Kiribati, Tonga, Vanuatu, Tuvalu… Have you ever wondered how the islands of the Pacific got their names? And what do those names actually mean? Could Tokelau be known as Fiji, Niue as Palau, and Guam as Papua New Guinea? Shakespeare told us that a rose by any other name would smell as sweet. Would it, really? To answer these questions, I decided to do some research.
The word “Polynesia” comes from Greek and means “many islands” (“poly” = “many” + “nēsos” = “island”). French Polynesia, as the name of the “country”, was coined in 1957; 11 years after the islands had received the status of an overseas territory.
The Cook Islands
The Cook Islands were named after British explorer, Captain James Cook. The name was invented by Admiral Adam Johann von Krusenstern, who wanted to honor the great navigator.
“Niue” translates as “behold the coconut” and derives from the words “niu” (coconut) and “e” (here). In the past the island was known as “Savage Island”, a name given to it by Captain James Cook.
The word “Tonga” means “south” in numerous Polynesian languages. The country, which was once called “The Friendly Islands”, bears this name as it is the southernmost group of islands in central Polynesia.
The origin of the name “Samoa” is uncertain. George Turner, the author of “Samoa, a Hundred Years Ago and Long Before”, gives several explanations, all of which are connected with the words “moa” (“chicken”, but also a family and given name) and “sā” (“holy”, “tabū”, “sacred”) as well as the local legends. In the past Samoa was known to the Western world as “The Navigator Islands”.
The name Tokelau is a Polynesian word meaning “north wind”. Before the country adopted this name, it had been known as “The Union Islands”.
Wallis and Futuna
The island of Uvea takes its European name, Wallis, from its 18th-century British discoverer, Captain Samuel Wallis. Futuna, on the other hand, is derived from the word “futu”, which is the name of the fish-poison tree found on the island.
Formerly called the Ellice Islands (after Edward Ellice, British merchant and politician), the word “Tuvalu” means “eight standing together”. The name refers to the eight populated atolls of the country.
It is said that the 50th state’s name translates to “the place of the Gods”. The word “Hawai’i” is very similar to Proto-Polynesian “hawaiki”, which means “homeland”.
The name “Kiribati” derives from the local pronunciation of the English word “Gilberts” (or “The Gilbert Islands”), which was the colonial name of the archipelago given to it by French sailors, who called the islands “Îles Gilbert” after British mariner Thomas Gilbert.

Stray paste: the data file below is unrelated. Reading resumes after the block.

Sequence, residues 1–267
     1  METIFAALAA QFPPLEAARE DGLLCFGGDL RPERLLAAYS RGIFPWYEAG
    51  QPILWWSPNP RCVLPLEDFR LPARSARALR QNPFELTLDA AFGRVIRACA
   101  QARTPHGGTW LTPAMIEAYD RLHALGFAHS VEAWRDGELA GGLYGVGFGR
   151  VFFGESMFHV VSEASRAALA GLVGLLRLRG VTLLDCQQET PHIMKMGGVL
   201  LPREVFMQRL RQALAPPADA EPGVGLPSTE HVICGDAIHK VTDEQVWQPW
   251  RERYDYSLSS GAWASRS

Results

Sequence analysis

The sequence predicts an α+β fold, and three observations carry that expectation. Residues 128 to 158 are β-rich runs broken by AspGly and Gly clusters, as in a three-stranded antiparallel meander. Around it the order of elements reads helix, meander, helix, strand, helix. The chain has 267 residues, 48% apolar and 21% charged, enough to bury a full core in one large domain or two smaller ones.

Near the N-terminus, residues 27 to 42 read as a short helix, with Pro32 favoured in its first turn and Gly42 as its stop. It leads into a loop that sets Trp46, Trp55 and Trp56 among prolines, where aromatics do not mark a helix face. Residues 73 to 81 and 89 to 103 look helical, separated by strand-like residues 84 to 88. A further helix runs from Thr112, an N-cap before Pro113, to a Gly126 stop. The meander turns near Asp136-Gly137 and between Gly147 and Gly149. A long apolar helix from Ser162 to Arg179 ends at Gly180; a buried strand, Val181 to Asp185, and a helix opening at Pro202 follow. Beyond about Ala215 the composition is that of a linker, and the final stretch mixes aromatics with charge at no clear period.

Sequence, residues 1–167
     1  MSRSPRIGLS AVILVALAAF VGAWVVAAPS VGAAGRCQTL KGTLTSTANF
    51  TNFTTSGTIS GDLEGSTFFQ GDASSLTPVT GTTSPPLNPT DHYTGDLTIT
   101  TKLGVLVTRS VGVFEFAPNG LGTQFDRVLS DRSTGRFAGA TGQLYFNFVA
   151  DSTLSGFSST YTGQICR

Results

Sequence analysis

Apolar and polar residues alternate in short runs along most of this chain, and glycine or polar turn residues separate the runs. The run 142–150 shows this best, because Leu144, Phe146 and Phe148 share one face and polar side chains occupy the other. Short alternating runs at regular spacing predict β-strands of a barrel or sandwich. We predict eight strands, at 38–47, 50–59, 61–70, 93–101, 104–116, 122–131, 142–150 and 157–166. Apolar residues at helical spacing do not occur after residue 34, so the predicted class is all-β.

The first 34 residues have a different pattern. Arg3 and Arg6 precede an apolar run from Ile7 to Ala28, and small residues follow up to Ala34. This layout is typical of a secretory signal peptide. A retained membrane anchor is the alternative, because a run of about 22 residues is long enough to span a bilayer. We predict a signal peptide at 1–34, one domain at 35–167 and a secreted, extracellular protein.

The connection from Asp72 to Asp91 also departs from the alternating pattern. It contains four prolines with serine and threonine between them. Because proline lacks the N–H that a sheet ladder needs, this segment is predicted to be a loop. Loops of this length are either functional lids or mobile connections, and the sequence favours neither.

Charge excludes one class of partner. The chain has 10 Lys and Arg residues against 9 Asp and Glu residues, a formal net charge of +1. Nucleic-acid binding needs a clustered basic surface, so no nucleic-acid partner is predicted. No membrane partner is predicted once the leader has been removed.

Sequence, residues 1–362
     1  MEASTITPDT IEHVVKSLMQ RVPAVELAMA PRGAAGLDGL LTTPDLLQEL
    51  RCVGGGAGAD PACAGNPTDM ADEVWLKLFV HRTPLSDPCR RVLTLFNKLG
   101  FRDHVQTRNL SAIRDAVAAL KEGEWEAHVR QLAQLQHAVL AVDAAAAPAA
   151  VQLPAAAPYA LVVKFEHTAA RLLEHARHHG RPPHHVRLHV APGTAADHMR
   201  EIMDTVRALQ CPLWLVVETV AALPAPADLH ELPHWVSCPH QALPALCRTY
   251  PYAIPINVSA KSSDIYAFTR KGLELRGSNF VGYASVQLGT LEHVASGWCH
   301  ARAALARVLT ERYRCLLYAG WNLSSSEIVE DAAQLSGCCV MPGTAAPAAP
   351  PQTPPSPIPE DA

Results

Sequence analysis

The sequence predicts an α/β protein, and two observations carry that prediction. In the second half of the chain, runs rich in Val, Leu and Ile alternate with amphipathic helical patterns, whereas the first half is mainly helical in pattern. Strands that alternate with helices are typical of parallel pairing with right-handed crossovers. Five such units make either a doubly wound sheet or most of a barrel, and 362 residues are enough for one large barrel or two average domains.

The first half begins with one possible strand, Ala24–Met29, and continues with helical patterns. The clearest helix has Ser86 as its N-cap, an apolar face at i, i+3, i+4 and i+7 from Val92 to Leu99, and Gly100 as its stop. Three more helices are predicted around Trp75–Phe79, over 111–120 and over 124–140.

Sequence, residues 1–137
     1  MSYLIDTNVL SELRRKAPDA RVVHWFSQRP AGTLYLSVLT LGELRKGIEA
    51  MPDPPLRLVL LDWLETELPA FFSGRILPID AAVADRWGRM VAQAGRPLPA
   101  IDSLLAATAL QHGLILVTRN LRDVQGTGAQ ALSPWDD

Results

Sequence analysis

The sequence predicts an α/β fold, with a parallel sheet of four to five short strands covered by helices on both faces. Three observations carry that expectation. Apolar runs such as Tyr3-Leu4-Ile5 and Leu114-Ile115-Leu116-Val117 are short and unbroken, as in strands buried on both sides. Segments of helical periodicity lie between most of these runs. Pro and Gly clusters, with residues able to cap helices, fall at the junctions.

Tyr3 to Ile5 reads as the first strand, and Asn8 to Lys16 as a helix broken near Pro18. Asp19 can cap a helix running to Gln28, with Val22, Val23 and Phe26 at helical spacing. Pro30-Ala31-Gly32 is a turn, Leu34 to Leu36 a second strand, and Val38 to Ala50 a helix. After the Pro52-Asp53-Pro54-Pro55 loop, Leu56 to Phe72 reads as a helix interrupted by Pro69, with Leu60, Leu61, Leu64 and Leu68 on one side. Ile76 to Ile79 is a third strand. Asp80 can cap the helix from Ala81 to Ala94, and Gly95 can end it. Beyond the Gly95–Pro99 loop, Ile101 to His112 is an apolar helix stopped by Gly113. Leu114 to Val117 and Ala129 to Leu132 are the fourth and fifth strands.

The Republic of the Marshall Islands
The country got its current name from British explorer, Captain John Marshall. The islands were historically known as “jolet jen Anij” (Gifts from God).
The origins of the name “Nauru” are rather obscure, but the word is thought to have come from the local term “anáoero”, which means “I go to the beach”.
The Federated States of Micronesia
“Micronesia”, meaning “small islands”, has its roots in two Greek words: “mikrós” (“small”) and “nēsos” (“island”). The country is made up of four states, hence “the federated states” in its name.
The name of the island comes from the Chamorro word “guahan”, which is said to mean “we have”.
The name “Palau” quite possibly derives from the Palauan word “beluu” (“country”, “territory”, “place”, “village”, “land”).
The country took its name from its largest island, Viti Levu. As the legend has it, it is known as “Fiji” due to communication error: when Captain James Cook asked Tongans about their neighbours, they pronounced “Viti” as “Fisi”, which was then anglicized as “Feejee” by the British explorer.
“New Caledonia” was the name given to the island by Captain James Cook, because it reminded him of Scotland (“Caledonia” in Latin).
Vanuatu’s name is derived from the words “vanua” (“land” or “home”) and “tu” (“stand”). The country was previously known as the “New Hebrides”, a name given to it by Captain James Cook in honor of the Scottish archipelago.
The country was named by Spanish navigator, Álvaro de Mendaña. Because he believed that the islands contained gold, he gave them the name of Solomon’s Islands, after the King Solomon’s mines.
Papua New Guinea
Spanish explorer, Yñigo Ortiz de Retez, coined the name “New Guinea” when he noticed the resemblance of the local people to the inhabitants of the African Guinea coast. The word “Papua” is of uncertain origin.